The standard way to teach that is that first, you teach the pigeon to peck when there’s a red light on, so turn the red light on and the pigeon pecks the button, gets the reward, pecks the button, gets the reward, pecks the button, gets the reward. And then you add in a green light [00:04:00] and the pigeon will peck and then you just don’t reinforce.
And so initially the pigeon is pecking the button no matter what. Doesn’t matter what color light is on. Then there’s a lot of errors and a lot of extinction. But since the machine is set up so that only pecks when the red light are on get rewarded, hopefully fewer and fewer green light pecks happen in time.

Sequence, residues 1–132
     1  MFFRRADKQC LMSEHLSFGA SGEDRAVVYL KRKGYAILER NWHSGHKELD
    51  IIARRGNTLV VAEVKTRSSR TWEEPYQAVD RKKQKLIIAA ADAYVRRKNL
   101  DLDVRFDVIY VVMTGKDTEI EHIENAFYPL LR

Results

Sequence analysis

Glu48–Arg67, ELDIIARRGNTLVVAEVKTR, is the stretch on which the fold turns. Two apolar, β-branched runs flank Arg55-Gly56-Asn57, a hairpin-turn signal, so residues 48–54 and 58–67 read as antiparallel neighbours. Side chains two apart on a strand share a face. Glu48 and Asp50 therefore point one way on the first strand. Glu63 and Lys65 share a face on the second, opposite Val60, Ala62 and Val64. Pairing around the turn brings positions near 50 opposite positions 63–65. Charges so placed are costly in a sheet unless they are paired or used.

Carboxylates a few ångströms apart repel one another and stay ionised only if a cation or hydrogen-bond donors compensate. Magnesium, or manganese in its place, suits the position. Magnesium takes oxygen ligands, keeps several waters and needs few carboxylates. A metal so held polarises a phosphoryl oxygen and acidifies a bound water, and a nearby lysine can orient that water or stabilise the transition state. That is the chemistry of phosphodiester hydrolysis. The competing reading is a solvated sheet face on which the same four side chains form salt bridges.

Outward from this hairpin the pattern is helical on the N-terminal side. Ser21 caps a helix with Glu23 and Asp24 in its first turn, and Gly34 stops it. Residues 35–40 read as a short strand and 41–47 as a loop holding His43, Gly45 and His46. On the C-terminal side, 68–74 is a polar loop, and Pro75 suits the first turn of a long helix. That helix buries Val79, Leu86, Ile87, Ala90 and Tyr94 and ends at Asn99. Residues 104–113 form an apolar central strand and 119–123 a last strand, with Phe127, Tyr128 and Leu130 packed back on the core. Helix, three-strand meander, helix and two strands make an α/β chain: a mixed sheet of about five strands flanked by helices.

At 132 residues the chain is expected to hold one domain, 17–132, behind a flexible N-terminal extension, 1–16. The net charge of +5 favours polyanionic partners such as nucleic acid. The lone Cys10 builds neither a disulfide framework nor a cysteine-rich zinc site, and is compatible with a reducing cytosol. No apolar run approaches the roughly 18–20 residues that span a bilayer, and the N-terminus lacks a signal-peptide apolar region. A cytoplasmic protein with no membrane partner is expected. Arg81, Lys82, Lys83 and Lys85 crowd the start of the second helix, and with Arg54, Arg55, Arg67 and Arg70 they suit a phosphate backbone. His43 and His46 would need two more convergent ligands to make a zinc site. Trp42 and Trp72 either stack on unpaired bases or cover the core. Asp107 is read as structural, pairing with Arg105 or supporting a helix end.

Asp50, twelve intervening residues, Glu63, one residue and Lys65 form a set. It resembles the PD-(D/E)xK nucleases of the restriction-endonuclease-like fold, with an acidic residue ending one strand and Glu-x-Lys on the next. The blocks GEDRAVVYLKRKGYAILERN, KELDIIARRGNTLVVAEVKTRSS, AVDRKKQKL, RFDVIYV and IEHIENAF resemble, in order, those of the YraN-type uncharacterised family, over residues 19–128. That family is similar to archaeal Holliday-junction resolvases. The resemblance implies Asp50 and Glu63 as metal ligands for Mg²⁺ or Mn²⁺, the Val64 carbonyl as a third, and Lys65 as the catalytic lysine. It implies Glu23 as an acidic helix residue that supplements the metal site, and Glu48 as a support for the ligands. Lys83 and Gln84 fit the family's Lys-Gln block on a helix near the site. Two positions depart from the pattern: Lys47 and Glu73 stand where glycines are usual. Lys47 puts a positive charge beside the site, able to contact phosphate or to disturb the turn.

Now, Terrace comes in and he designed a different procedure that had two major differences here. First, and I get very excited about both of these– First, he introduced the green light really early in the process, so instead of building up a huge reinforcement history for pecking when the red light is on and only having red lights in the picture, he started to add the green light into the picture really, really early in the process, and he started off with that green light at a much lower intensity. It was not as bright, it was a shorter [00:05:00] duration, and I think he was messing with the wavelength as well, so it was further away, so it looked the least like the red light, right? Then gradually over time, he increased the intensity, so made it brighter, made it more green, I guess, and longer duration while continuing to reinforce when the pigeon was pecking the [red] light.